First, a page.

|Coordinatore||FUNDACIO INSTITUT D'INVESTIGACIO BIOMEDICA DE BELLVITGE
address: AVENIDA GRAN VIA HOSPITALET 199-203
|Nazionalità Coordinatore||Spain [ES]|
|Sito del progetto||http://www.cancerdip.eu/|
|Totale costo||3˙922˙042 €|
|EC contributo||2˙999˙994 €|
Specific Programme "Cooperation": Health
|Anno di inizio||2008|
|Periodo (anno-mese-giorno)||2008-01-01 - 2011-06-30|
FUNDACIO INSTITUT D'INVESTIGACIO BIOMEDICA DE BELLVITGE
address: AVENIDA GRAN VIA HOSPITALET 199-203
|ES (L'HOSPITALET DE LLOBREGAT)||coordinator||0.00|
Nome Ente NON disponibile
address: VIALE BENEDUCE 10
address: RUE DU BOIS SAINT JEAN 3 LIEGE PARK SCIENCE
FUNDACION CENTRO NACIONAL DE INVESTIGACIONES ONCOLOGICAS CARLOS III
address: CALLE MELCHOR FERNANDEZ ALMAGRO 3
MAX PLANCK GESELLSCHAFT ZUR FOERDERUNG DER WISSENSCHAFTEN E.V.
address: Hofgartenstrasse 8
STICHTING KATHOLIEKE UNIVERSITEIT
address: GEERT GROOTEPLEIN NOORD 9
UNIVERSITE LIBRE DE BRUXELLES
address: Avenue Franklin Roosevelt 50
Esplora la "nuvola delle parole (Word Cloud) per avere un'idea di massima del progetto.
'Aberrant DNA methylation is the most common molecular lesion of the cancer cell. Neither gene mutation nor cytogenetic abnormalities are as common in human tumours as DNA methylation alterations. The stability of our genome and correct gene expression is maintained to a great extent thanks to a perfectly preestablished pattern of DNA methylation and histone modifications. In cancer this idealistic scenario breaks down due to an interesting phenomenon whereby the regulatory regions (CpG islands) of certain tumour suppressor genes become hypermethylated, inactivating the gene as a consequence, whilst a wave of hypomethylation occurs in the genome. Indeed, CpG island promoter hypermethylation has a tumour-type-specific pattern, where each gene tends to be methylated in the cancer cells driven from a particular tissue, but not from others. It is also widely accepted that the multiprotein complex associated with the methylated DNA is also crucially involved in the repression of gene expression. Another aspect crucial for the interest of epigenetics in cancer is that promoter hypermethylation of the CpG island of tumours suppressor genes occurs early in tumorigenesis. Furthermore, it has been extensively reported that CpG promoter hypermethylation can be used as predictor of cancer behaviour and a predictor of response to treatment. This characteristic makes promoter hypermethylation combined with the epigenetic associated proteins profile, a potential biomarker for early detection of cancer and for the individualization of cancer treatment. We are going to use a novel technique based in chromatin immunoprecipitation, the Methylated DNA Immunoprecipitation (MeDIP) technique that will easily permit us to obtain an epigenomic profile which will be used to personalize cancer treatment and facilitate tumour diagnosis, prognosis and monitoring.'
The CANCERDIP initiative explored the use of the epigenetic profile of cancers as a predictor of cancer behaviour. Consortium members also developed molecular and bioinformatics tools that are expected to significantly aid the future analysis of DNA methylation.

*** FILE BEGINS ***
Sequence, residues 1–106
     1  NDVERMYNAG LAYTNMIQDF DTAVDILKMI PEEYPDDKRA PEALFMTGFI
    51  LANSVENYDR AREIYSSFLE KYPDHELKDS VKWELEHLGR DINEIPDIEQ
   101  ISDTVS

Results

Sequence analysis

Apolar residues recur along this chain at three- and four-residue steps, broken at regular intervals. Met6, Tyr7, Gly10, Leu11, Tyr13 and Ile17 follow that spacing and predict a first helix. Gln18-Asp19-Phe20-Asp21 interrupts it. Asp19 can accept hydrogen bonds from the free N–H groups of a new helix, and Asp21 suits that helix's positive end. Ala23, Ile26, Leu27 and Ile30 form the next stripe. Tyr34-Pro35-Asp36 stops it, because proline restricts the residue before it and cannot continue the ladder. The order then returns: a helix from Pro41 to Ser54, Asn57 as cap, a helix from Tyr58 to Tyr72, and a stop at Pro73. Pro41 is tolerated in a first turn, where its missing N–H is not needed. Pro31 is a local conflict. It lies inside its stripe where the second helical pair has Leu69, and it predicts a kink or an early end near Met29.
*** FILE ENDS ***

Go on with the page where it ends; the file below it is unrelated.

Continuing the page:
Apart from genetic mutations, the instability of cancer cells is also defined by epigenetic alterations involving, among others, aberrant methylation of gene promoters. This occurs at specific sites known as CpG islands and compromises the physiological gene expression pattern, thereby contributing further to malignancy.
To define and delineate the role of the epigenetic profile in colon cancer and leukaemia, the EU-funded project 'The use of methylated DNA immunoprecipitation MeDIP in cancer for better clinical management' (CANCERDIP) brought together leading European researchers in the field. The ultimate objective was to generate insight into the mechanisms of epigenetic regulation, focusing on DNA methylation.
To this end, partners used state-of-the-art techniques to identify differentially methylated regions in cancer samples that could potentially serve as biomarkers or therapeutic targets. For such high-throughput analysis, the consortium developed the MethylCap method of capturing methylated DNA using a methyl-binding domain (MBD) followed by genomic sequencing.
Bioinformatics analysis of the sequencing data verified the potential of this information to discriminate cancer from normal tissue. It also identified genes such as CSPG2/VCAN that are hypermethylated in colon cancer on a regular basis. By comparing the gene expression and DNA methylation profiles of leukaemia samples before treatment and after relapse, scientists were able to pinpoint candidate genes with a prognostic value.
Regarding the mechanisms that regulate DNA methylation, scientists focused on the impact of polycomb genes and their association with DNA methyltransferases. Phosphorylation of these enzymes was discovered as a previously unrecognised mechanism for the regulation of methylation.
Central to CANCERDIP project work was the development of tools for large-scale analysis of the DNA methylation pattern. With the use of magnetic beads for immunoprecipitation, the MeDIP kit accelerated the analysis of DNA methylation while at the same time improving its sensitivity. Furthermore, through the development of specialised software, the CANCERDIP consortium provided invaluable tools for validating DNA methylation biomarkers based on large-scale methylation data.
Taken together, the accomplishments of the participants in the CANCERDIP project offered novel basic knowledge on cancer epigenetics. The identified biomarkers and genes have high prognostic significance and may be exploited for clinical stratification of cancer patients.
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